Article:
Vaccine - Human Papillomavirus - HPV

This vaccine protects against the strains of human papillomavirus (HPV) that cause cervical cancer and genital warts.




This vaccine protects against the strains of human papillomavirus (HPV) that cause cervical cancer and genital warts.



Human papillomavirus, also known as HPV, is one of the most common causes of sexually transmitted diseases. Certain types of HPV cause cervical cancer and other types cause genital warts. There are three HPV vaccines currently available. All three of the vaccines protect against the two main types of HPV linked to most cases of cervical cancer. Two of the vaccines also protect against the two main types of HPV linked to most cases of genital warts.

  • The Gardasil4® vaccine (4vHPV) protects against four types (quadrivalent) of HPV.
  • The Gardasil9® vaccine (9vHPV) protects against nine types (nonavalent) of HPV.
  • The Cervarix® vaccine (2vHPV) protects against two types (bivalent) of HPV.

It is important to note that none of the vaccines will treat cervical cancer or genital warts.

The three types of HPV vaccines have different recommendations, based on sex and age. The vaccines are usually given in three separate shots over six months.

  • The Gardasil4® vaccine (4vHPV) is approved for females who are between the ages of nine and twenty-six to prevent cervical cancer and genital warts. It also approved for males between the ages of nine and twenty-six to prevent genital warts and cancer of the anus or penis. The Gardasil4 vaccine® will likely be replaced by the Gardasil9® vaccine.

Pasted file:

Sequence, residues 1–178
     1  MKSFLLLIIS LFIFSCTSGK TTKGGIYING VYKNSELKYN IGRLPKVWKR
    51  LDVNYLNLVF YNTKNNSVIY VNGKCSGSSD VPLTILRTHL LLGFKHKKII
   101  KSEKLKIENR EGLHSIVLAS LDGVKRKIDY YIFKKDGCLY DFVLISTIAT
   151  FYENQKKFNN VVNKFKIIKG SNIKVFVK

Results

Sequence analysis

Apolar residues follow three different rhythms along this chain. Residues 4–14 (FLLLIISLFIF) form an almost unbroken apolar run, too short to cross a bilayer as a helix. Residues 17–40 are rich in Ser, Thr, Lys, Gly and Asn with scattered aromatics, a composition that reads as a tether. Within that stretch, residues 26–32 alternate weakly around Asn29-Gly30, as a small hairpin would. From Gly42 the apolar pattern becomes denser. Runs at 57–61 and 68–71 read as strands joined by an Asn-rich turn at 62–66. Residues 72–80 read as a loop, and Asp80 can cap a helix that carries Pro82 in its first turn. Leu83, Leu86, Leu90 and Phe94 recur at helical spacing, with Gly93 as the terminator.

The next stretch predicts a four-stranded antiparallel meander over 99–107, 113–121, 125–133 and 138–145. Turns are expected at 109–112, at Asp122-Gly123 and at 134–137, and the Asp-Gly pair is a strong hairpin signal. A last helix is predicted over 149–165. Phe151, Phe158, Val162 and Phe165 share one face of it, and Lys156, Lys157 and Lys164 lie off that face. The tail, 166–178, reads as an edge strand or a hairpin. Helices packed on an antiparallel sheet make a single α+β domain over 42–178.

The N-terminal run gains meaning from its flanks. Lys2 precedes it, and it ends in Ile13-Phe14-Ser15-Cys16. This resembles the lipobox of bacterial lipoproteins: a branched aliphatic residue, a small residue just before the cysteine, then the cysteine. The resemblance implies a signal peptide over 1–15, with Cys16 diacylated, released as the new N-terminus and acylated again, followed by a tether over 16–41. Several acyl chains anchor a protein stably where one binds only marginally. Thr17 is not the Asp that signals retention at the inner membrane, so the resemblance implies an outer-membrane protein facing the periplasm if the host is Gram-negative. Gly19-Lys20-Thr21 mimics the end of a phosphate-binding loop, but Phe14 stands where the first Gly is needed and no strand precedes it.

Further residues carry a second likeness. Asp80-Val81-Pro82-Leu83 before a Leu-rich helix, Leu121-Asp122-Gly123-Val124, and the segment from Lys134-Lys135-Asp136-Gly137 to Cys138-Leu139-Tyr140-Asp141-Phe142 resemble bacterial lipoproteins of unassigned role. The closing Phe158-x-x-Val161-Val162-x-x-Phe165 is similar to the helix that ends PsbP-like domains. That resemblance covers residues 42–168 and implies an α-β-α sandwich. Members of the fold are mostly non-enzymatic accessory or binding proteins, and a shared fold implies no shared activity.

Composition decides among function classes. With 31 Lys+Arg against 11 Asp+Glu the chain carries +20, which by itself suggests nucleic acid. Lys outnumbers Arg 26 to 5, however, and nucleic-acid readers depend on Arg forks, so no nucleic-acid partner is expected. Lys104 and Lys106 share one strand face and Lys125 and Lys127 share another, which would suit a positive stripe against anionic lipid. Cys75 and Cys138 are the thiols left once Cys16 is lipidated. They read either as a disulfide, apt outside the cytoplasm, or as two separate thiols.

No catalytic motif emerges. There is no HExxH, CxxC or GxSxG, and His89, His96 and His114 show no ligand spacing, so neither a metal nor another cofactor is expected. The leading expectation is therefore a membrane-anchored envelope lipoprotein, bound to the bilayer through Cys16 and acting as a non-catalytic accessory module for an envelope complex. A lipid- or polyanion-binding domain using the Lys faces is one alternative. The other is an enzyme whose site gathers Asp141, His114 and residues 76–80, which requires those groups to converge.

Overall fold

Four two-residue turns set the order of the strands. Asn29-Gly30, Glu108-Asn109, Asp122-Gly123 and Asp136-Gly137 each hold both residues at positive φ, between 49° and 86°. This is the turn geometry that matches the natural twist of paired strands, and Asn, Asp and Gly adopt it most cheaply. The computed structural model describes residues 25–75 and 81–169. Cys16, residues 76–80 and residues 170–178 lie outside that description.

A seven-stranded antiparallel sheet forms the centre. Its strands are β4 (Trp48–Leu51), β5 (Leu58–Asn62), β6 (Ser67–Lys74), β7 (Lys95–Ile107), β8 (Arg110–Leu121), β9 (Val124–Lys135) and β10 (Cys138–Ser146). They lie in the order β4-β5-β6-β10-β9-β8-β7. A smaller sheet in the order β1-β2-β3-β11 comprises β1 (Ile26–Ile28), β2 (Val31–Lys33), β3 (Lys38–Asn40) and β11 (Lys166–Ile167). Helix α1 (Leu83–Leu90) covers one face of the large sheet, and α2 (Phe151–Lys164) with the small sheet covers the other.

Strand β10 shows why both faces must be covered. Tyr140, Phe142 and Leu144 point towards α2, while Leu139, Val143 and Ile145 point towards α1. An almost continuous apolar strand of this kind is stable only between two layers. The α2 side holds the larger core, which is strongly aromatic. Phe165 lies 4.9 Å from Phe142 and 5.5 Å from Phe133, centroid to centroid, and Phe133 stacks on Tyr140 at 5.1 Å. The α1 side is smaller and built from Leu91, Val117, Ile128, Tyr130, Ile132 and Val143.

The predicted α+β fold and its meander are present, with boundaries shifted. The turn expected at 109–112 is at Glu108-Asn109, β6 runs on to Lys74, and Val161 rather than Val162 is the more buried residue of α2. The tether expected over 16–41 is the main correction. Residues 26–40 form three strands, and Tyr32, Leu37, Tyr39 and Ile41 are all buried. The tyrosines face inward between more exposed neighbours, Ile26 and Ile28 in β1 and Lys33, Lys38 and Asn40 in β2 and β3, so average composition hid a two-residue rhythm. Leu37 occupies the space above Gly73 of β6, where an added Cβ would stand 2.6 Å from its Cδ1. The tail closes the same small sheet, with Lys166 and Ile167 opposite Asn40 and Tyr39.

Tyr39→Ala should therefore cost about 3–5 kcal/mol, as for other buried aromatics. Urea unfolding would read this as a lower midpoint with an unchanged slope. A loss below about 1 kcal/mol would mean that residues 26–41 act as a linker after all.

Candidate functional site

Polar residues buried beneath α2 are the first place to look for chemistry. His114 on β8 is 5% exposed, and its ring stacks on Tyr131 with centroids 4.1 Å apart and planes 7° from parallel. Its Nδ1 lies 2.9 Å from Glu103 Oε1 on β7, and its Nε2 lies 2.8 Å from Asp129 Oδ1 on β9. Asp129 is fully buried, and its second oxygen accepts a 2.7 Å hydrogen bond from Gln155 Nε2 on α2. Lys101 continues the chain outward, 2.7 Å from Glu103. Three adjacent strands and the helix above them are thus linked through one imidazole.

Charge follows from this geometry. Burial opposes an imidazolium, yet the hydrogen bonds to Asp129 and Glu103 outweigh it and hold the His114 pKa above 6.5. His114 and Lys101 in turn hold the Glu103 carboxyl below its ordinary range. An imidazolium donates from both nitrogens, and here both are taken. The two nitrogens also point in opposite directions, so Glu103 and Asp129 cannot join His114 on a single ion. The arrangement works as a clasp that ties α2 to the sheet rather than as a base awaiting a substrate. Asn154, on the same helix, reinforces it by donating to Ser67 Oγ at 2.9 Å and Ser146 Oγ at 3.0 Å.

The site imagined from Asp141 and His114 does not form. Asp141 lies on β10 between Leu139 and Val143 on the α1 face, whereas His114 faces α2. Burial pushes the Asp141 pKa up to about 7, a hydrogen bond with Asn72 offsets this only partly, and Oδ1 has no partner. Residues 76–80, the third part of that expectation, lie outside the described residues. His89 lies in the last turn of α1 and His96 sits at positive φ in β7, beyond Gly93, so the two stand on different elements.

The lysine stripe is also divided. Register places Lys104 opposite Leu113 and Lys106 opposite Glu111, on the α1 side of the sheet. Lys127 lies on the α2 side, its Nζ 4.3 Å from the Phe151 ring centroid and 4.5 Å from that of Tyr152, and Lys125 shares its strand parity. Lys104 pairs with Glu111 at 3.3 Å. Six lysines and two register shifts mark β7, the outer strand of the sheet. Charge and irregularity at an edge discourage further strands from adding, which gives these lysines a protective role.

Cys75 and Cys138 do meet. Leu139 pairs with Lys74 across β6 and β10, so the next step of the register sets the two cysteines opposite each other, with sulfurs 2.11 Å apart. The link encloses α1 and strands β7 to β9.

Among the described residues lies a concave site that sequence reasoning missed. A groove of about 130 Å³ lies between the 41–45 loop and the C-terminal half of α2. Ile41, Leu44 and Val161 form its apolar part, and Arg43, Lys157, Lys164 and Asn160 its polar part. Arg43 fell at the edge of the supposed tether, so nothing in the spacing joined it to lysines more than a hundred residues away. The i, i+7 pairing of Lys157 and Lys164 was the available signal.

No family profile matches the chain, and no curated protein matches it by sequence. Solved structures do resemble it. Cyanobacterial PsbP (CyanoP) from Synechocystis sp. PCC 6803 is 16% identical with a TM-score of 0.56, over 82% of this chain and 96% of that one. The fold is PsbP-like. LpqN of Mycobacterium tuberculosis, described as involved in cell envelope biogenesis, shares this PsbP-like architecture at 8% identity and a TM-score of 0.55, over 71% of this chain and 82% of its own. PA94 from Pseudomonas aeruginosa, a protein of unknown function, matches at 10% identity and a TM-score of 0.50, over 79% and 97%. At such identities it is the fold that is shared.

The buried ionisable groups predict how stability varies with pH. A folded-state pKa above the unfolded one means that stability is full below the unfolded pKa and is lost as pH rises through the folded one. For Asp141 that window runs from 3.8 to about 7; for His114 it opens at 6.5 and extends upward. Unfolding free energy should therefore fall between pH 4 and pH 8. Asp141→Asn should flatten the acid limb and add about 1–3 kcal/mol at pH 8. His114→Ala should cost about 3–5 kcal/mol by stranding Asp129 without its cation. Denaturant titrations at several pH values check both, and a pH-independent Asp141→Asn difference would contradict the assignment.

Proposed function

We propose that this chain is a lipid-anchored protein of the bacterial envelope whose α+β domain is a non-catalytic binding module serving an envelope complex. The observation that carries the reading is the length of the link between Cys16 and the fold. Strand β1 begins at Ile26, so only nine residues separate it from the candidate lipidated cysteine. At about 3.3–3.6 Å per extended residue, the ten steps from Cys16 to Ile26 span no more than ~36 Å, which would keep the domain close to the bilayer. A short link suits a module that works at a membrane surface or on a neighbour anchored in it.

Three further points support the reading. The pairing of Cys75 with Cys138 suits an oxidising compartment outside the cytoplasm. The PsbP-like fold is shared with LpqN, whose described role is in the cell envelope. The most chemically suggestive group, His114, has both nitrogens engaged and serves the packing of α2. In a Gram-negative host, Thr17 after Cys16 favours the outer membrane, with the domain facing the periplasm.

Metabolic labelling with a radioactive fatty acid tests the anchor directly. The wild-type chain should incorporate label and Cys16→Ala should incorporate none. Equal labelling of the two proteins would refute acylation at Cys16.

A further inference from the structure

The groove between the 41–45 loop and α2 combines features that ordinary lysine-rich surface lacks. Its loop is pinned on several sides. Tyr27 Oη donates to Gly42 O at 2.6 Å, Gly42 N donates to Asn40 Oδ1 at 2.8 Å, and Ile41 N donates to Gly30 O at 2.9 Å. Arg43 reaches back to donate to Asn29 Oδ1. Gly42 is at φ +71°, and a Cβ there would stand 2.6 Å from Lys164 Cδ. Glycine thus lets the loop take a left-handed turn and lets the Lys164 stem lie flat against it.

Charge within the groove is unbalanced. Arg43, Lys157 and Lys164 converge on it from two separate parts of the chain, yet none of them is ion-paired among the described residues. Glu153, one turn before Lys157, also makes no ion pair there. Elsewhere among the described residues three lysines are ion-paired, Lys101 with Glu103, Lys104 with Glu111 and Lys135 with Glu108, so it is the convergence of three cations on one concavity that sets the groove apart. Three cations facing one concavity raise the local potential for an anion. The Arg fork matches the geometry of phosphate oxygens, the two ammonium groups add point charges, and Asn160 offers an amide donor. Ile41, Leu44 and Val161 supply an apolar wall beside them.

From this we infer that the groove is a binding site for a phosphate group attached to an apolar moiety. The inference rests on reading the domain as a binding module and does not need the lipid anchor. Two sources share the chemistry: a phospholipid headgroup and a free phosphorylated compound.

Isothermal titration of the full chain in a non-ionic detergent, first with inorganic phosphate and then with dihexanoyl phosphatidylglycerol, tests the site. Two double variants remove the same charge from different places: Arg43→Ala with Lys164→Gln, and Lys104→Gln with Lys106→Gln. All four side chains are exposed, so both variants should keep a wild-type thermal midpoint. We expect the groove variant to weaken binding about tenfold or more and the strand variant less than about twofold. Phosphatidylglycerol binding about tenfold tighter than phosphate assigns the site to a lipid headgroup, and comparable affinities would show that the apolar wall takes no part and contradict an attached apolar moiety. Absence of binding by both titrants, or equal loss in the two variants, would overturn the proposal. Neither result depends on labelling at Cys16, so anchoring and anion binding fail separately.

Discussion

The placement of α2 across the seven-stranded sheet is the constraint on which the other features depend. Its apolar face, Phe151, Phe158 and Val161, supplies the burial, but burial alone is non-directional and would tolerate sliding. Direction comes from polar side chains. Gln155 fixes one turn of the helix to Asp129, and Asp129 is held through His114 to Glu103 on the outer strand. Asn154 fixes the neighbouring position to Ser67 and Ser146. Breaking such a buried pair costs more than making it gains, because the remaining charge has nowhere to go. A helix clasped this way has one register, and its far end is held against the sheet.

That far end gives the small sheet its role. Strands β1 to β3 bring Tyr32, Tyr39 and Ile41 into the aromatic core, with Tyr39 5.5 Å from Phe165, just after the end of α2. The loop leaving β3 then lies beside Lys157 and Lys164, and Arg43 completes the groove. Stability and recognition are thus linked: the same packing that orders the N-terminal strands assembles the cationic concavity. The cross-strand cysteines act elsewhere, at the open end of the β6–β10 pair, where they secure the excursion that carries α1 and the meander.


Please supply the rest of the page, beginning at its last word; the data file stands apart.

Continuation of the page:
• The Gardasil9® vaccine (9vHPV) is approved for females who are between the ages of nine and twenty-six to prevent cervical cancer and genital warts. It also approved for males between the ages of nine and twenty-six to prevent genital warts and cancer of the anus or penis. The Gardasil9 vaccine® will likely replace the Gardasil4® vaccine.
  • The Cervarix® vaccine (2vHPV) is approved for females between the ages of ten and twenty-six to prevent cervical cancer.

The Advisory Committee on Immunization Practices (ACIP) of the Centers for Disease Control and Prevention (CDC) recommends that all females between the ages of nine and twenty-six receive the full series of either a Gardasil or Cervarix vaccine. The full series of the Gardasil vaccine is recommended for all males between the ages of nine and twenty-one. The vaccine is also recommended through age twenty-six for men who are immunocompromised or have sex with other men. It is also available to other men between the ages of twenty-two through twenty-six who want to decrease their risk of HPV.

You should contact your healthcare provider if you or your child has questions about the HPV vaccine. Here is a list of questions you can ask during your appointment.

  • Do you recommend this vaccine, and why?
  • Does this vaccine need boosters, and when?
  • What are the side effects of this vaccine?
  • What are the risks if someone does not get this vaccine?

Source UHC.com

Also known as:

Vaccine HPV
Vaccine - Human Papillomavirus - HPV
Vaccine
Immunization Human Papilloma Virus
Immunization HPV
Human Papilloma Vaccine
Human Papilloma Shot
Human Papilloma Immunization
HPV Vaccine
HPV Shot
HPV Immunization
Gardasil
Cervarix


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